By Dr. Nirav K. Shah (left) and
Dr. Nazer H. Qureshi (right)
Princeton Brain and Spine
Board Certified Neurosurgeons
Princeton, Langhorne, Freehold, Flemington, and New Brunswick
SURGICAL PAIN MANAGEMENT
Pain can be debilitating. Chronic pain can affect your ability to do the things you love most such as playing golf on a sunny day, travelling with your family, or even watching the next Phillies game.
Sometimes conventional surgery fails to completely relieve pain and a patient will continue to have pain related to the spine such as pain in one’s back/neck and/or extremities. This is known as failed back syndrome. Patients often ask, “I have had spine surgery or I have had spinal fusion and I am still having quite a bit of discomfort. What are my options?”
Options after Failed Spine Surgery
One option is surgical pain management such as spinal cord stimulation. This is an option for patients who have tried conservative care such as physical therapy and medications. The patients have also had multiple spine surgeries including spinal fusion without resolution of his/her symptoms. Symptoms could include pain as well as associated numbness and tingling in the extremities. After these failed surgeries, an orthopedic surgeon or spine surgeon may be reluctant to perform additional surgery due to scar tissue formation. Therefor there are no surgical cures at the site of the previous spine surgeries. This is when a patient can be considered for spinal cord stimulation. Spinal cord stimulation studies have proven to reduce pain levels by at least fifty percent or greater.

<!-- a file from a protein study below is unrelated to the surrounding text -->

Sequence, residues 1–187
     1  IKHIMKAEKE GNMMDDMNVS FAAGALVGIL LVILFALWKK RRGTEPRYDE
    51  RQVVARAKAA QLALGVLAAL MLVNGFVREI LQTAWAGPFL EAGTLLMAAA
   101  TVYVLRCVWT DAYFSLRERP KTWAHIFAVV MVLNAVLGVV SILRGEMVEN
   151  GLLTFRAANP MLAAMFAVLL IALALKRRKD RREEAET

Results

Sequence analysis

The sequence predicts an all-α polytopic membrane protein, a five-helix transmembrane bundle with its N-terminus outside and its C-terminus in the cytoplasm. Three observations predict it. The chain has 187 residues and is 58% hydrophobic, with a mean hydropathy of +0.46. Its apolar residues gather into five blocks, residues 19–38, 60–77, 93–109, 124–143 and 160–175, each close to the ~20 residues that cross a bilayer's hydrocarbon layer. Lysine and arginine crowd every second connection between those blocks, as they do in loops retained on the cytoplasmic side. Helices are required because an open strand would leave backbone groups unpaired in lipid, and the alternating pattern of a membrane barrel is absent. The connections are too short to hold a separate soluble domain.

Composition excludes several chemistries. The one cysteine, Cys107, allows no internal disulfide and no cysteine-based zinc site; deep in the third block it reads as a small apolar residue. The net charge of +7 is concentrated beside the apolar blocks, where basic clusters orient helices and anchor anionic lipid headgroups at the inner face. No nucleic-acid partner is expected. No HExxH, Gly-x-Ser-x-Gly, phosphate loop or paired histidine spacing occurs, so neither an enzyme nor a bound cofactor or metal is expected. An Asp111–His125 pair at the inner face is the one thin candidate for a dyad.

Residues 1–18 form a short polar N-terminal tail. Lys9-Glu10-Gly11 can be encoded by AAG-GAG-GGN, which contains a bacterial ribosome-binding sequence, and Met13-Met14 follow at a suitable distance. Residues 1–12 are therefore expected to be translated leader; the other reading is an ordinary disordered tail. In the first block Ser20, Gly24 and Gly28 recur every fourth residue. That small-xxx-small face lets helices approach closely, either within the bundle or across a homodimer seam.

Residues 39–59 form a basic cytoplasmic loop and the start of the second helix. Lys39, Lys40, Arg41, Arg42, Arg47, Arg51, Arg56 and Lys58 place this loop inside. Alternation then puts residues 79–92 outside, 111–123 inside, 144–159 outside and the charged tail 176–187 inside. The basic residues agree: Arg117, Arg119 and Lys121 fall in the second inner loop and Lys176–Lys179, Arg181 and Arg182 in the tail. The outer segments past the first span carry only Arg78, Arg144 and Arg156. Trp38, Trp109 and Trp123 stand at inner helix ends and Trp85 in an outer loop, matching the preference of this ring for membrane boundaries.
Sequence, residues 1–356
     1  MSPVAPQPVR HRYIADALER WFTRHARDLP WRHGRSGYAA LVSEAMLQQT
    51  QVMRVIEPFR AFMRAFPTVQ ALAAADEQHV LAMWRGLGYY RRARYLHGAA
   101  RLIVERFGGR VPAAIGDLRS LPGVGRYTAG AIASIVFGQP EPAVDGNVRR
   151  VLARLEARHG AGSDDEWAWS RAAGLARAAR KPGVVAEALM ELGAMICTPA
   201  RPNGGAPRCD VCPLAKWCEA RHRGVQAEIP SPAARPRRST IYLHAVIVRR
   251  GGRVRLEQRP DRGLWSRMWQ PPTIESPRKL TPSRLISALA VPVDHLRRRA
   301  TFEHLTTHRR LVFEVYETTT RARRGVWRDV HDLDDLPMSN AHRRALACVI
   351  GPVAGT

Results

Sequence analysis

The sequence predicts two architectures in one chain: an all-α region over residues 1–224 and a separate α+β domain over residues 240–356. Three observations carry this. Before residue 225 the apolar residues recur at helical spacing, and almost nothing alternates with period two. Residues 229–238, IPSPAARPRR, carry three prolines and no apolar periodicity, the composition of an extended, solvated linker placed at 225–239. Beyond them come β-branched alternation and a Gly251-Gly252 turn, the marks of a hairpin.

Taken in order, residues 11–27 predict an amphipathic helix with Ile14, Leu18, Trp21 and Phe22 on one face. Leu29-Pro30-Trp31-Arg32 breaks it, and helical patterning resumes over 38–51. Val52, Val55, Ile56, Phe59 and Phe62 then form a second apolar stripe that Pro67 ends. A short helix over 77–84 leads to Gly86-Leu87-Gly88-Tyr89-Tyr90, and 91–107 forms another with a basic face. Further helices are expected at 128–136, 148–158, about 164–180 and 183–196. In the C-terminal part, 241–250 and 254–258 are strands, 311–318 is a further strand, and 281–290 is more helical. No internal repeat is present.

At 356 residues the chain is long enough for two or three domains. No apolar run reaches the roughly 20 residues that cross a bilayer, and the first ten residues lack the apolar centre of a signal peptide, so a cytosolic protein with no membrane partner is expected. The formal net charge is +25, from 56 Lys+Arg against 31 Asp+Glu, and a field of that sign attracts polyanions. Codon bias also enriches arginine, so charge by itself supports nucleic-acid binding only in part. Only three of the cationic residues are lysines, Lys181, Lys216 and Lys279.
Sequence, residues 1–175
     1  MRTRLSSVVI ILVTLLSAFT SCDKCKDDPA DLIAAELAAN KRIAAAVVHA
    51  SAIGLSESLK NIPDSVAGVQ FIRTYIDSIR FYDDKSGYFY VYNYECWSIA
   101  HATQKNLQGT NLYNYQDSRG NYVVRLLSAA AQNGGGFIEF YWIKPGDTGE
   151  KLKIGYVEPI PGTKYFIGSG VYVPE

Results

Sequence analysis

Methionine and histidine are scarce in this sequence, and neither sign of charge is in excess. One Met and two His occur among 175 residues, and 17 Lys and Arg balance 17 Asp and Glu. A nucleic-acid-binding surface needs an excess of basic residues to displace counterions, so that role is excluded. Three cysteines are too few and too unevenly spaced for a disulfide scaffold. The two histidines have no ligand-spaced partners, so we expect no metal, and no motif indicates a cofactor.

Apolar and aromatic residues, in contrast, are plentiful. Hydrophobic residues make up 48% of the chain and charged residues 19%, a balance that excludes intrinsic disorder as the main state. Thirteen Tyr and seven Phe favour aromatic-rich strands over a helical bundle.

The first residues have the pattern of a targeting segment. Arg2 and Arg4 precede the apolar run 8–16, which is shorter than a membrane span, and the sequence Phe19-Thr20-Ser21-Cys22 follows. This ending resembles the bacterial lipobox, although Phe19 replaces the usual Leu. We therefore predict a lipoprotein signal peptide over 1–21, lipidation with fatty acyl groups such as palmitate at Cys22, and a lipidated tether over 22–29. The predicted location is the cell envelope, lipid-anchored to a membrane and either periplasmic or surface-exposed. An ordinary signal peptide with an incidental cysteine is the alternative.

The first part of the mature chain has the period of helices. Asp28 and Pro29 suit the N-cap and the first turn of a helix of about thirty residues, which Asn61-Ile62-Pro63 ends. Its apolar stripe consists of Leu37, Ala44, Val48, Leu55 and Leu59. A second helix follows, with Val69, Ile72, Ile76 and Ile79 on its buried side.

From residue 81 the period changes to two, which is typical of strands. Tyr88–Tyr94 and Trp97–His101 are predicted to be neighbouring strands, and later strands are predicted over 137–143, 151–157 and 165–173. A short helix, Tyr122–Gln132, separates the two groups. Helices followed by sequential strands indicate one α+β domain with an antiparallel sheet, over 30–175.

What Is Spinal Cord Stimulation?
Simply put, an electrode is placed on the spinal cord to block the pain. There are a few steps that must occur prior to taking the patient to the operating room.
Steps for Placement of Spinal Cord Stimulator
- A neuropsychological evaluation is performed to see if the patient understands what the procedure entails and whether he/she will be able to tolerate the operation.
- A pain management physician will perform a spinal cord stimulator trial. For this, the physician will place a percutaneous lead placement. In other words, a stimulator placed in the spinal canal. The wires are then attached to a battery (pulse generator) which is then taped to the patient’s body. For the next three to five days, the patient must keep an active diary of how the pain is controlled with the spinal cord stimulator. After three to five days have passed, the patient will return to the pain management physician to discuss the next steps.
- If the trial is deemed successful by the pain management physician and patient, then the patient is referred to a neurosurgeon for further consultation regarding permanent implementation of the spinal cord stimulator. The neurosurgeon will make the final decision as to what the best course of action if for the patient.
The surgical procedure requires two incisions in the back. One is for the placement of the paddle lead and the other is on the patient’s side for placement of the implantable pulse generator. This procedure is done by a neurosurgeon and then the pain management physician will manage the device stimulation on a long-term basis.